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Title: Progress and prospects in the prevention of mobile phone theft
Authors: Mailley, Jen
Whitehead, Shaun
Farrell, Graham
Issue Date: 2006
Publisher: © LexisNexis
Citation: MAILLEY, WHITEHEAD and FARRELL, 2006. Progress and prospects in the prevention of mobile phone theft. Justice of the Peace, 170, pp.404-407.
Abstract: Mobile phone ownership continues to be a driver of theft and robbery in the UK. Several years of news headlines such as “Mobile Phones and iPods fuel rise in Muggings” ((2006) Independent, February 27,) suggest that the problem may be getting worse rather than better. Whether this is true probably depends on what is measured. It is likely that total crimes have remained stable or increased at the same time as risk-per-phoneowner has decreased. The latest Oftel figures show that in 2005-6, the UK’s mobile phone subscriptions exceeded the population for the first time, having doubled in the last five or six years. The country being awash with mobile phones, stealing them is like shooting the proverbial fish in a barrel. We argue below that progress has been made in tackling mobile phone theft and that this is not incompatible with an increase in the problem, which would have been even greater without the measures taken to date. There may be a case for cautious optimism – but only if efforts to prevent mobile phone theft continue to be at least as persistent, innovative and adaptable as the thieves themselves to the point where the problem is stabilized and diminishes thereafter. Government, police and the mobile industry, working together, have a technological and geo-political advantage over offenders that, with a lot of skill and dogged determination, could yield absolute crime reductions in the future. What follows reviews some of the progress to date in tackling mobile phone theft and suggests this should form a platform for an expanded crime prevention effort.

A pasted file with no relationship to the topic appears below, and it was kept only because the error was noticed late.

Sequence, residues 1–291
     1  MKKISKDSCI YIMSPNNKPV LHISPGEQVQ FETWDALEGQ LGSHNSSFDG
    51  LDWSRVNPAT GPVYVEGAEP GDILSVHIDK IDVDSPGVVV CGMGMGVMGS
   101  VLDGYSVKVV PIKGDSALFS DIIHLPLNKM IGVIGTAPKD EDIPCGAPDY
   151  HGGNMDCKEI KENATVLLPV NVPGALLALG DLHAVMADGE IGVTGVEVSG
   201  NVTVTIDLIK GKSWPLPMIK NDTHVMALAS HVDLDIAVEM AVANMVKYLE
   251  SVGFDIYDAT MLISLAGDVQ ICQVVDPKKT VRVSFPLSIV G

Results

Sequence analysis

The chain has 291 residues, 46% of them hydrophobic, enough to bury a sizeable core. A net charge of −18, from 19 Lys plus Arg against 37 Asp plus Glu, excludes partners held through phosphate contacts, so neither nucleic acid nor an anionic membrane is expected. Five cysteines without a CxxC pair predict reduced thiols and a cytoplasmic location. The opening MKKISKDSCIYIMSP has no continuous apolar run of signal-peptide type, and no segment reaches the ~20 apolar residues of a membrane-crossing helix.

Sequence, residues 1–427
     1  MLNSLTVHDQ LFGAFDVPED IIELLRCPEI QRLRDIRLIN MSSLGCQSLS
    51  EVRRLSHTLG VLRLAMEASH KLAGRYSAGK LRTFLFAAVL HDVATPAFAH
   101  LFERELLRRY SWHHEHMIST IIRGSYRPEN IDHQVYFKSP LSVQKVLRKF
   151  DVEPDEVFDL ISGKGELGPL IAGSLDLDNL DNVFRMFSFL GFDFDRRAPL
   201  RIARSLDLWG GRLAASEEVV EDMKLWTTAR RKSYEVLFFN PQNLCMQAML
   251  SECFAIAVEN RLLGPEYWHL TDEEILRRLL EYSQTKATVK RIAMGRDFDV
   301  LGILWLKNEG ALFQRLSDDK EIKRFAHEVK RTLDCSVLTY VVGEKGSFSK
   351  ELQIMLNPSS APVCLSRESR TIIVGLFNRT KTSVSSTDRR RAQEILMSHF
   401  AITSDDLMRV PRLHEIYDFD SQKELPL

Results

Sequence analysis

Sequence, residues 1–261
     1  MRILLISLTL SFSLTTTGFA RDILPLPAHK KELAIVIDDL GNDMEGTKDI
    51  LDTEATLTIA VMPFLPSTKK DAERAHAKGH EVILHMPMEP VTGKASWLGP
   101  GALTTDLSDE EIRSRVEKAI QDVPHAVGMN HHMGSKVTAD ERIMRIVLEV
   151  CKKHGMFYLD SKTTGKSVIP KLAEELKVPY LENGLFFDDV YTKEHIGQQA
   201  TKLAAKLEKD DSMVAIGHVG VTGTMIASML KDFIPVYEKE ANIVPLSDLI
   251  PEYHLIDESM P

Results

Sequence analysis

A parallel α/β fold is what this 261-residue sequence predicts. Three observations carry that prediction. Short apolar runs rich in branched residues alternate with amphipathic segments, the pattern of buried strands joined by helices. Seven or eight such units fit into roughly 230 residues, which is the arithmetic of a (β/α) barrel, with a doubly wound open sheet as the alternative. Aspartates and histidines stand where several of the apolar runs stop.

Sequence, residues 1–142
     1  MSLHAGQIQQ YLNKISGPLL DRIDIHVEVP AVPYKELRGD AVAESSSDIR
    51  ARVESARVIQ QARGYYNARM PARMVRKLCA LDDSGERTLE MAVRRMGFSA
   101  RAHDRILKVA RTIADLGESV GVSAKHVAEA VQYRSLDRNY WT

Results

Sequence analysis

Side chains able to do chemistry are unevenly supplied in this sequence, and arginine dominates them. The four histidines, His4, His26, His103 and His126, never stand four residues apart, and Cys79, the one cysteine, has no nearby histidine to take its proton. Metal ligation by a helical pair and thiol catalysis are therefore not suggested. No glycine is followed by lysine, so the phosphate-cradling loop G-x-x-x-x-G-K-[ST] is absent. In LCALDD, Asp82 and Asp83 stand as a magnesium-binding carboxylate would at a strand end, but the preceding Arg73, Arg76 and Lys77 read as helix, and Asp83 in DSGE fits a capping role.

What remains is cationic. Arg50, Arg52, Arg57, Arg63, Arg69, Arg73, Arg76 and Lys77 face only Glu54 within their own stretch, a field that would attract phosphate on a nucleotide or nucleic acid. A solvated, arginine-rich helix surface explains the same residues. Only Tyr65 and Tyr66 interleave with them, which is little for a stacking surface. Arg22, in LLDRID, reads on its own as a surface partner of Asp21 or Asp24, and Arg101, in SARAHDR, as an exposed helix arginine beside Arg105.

Description: This is Restricted Access. The article was published in the journal, Justice of the Peace [© LexisNexis Butterworths Tolley].
URI: https://dspace.lboro.ac.uk/2134/2135
Appears in Collections:Closed Access (Social Sciences)

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